Lab 6: Ancient Algorithms Solution

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Learn some new (old) algorithms

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Practice implementing algorithsm from descriptions

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Appreciate the wisdom of the ancients!

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According to Wikipedia, an algorithm is “an unambiguous specification of how to solve a class of problems”. While we think of algorithms in connection with modern computer programming, in fact algorithms have been around for millenia. (The word “algorithm” itself comes from the name of a Persian scholar, Al-Kwharizmi, who lived roughly 780-850 C.E. His book on calculations using the Indian numerals – what we now call Arabic numerals – was translated into Latin in the 12th century, influencing European and world mathematics for all time.)

One of the more famous of ancient algorithms, still in use today, is Euclid’s greatest common divisor (GCD) algorithm. You’ve played with that algorithm, more or less, if you did the ContinuedFractions APT. There are many other algorithms, however, which are either still in use today, or have been enormously influential along the way to modern algorithms. Below, we will explore four of these algorithms: Egyptian multiplication, the Babylonian method for finding square roots, the Sieve of Eratosthenes, and Archimedes’ method for approximating pi.

Your task for this lab is to pick one of the described algorithms and implement it on the modern computer using C++. Of the four algorithms, Archimedes’ approximation of pi is the least accessible, so I don’t recommend implementing it unless you really want to or feel especially ambitious.


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Read through the sections on the different algorithms below, and choose one to implement. What you are expected to do for a given algorithm is detailed in the corresponding section. Your resulting program should be submitted on Canvas.

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Egyptian multiplication

Variants of this approach for multiplying two integers have been discovered and rediscovered by many cultures. It was used in the building of the pyramids, yet it is still useful today in the digital logic circuits used to multiply binary numbers. It has a wonderful connection, in fact, to the binary numbering system, in that its essential mechanism is the decomposition of one multiplicand into a sum of powers of two (effectively its binary representation).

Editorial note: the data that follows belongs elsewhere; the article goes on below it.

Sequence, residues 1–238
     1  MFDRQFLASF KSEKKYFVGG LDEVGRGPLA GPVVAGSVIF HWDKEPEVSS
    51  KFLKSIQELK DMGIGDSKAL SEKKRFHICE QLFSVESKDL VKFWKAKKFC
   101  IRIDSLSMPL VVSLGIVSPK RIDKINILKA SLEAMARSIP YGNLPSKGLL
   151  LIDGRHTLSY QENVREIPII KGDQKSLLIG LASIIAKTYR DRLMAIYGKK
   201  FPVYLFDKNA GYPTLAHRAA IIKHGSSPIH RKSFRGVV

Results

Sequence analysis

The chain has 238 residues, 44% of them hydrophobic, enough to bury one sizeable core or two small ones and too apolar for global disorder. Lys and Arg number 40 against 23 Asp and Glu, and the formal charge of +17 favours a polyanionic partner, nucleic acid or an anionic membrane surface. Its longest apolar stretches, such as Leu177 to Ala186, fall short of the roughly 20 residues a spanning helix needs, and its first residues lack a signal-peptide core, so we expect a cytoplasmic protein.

The basic method (on paper) goes as follows: create two columns; write one multiplicand (preferably the smaller) at the top of the left column, and the other multiplicand at the top of the right column. You can now fill in the left column by dividing by two repeatedly until you get to 1. On each division, you discard any remainder (i.e., when dividing an odd number), so you only have integers in that column. Meanwhile, the right column is filled by doubling its numbers until you have the same count of numbers in the right column.

To complete the multiplication, strike out any rows in your table for which the left-hand number is even. Add up the remaining numbers in the right column to get the answer. For example, if we want to multiply 238 x 13, our table would look like:

  1. 238

  1. 476

  1. 952

  1. 1904

Crossing out the rows with even numbers in the left column leaves us with the sum 238 + 952 + 1904 = 3094.

Why does this work? If you look at the left-hand column in binary, you may get an intuition:

1101 238

  1. 476

  1. 952

  1. 1904

Each time, the right-most digit of the left-hand column tells us whether or not we are going to keep the corresponding power of 2 times the right-hand multiplicand in our final sum! Note that the only operations we really performed involved multiplying or dividing by 2, which are easily accomplished in the computer by shifting bits left or right.

If you choose to implement this algorithm, then your program should prompt the user for two (positive) integers to multiply. Display a representation of the two columns you generate, and the final answer. E.g., your program output might look like the following:

Please enter two positive integers: 238 13

13 238

  1. lu57324e4ef tmp 32cbd93088693b1f 476

  1. 952

  1. 1904

Answer: 3094

To get your numbers to line up nicely in right-aligned columns, use setwidth (

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The Babylonian method

Also known as “Hero’s method” after the Greek mathematician whose description of it survived to the modern era, the Babylonian method is an iterative approximation method for finding square roots. Iterative approximation algorithms can be used when closed-form solutions are not readily available, and work by repeated refinement of a solution towards the true value. These algorithms have many applications in scientific computing.

The Babylonian method is very simple. Given a number n, and a guess at its square root, x, we make the observation that if x is an overestimate of the square root of n, then n / x will be an underestimate of the square root, and vice versa (convince yourself of this with a bit of algebra). Then, it is reasonable to expect that the average of these two numbers is a better estimate of the square root than we started with.